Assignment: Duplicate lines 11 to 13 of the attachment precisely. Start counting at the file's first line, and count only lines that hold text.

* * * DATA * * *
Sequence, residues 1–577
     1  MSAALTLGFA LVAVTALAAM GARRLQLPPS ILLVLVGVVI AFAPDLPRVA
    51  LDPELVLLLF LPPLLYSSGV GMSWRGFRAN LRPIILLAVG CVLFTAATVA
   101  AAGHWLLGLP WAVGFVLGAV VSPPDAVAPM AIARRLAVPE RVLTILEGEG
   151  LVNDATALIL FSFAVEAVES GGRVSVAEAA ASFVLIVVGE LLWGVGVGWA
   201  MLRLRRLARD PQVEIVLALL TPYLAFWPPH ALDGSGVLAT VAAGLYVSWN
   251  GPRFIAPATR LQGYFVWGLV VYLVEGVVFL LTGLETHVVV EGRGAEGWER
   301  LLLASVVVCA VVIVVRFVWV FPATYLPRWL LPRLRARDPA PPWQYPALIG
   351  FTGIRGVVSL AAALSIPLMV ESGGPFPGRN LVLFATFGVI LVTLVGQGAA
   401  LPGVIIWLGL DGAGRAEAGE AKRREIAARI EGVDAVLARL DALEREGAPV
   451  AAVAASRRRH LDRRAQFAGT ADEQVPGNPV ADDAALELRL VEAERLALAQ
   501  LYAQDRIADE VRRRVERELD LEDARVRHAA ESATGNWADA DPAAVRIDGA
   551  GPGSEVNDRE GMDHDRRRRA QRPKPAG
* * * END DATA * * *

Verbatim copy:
   451  AAVAASRRRH LDRRAQFAGT ADEQVPGNPV ADDAALELRL VEAERLALAQ
   501  LYAQDRIADE VRRRVERELD LEDARVRHAA ESATGNWADA DPAAVRIDGA
   551  GPGSEVNDRE GMDHDRRRRA QRPKPAG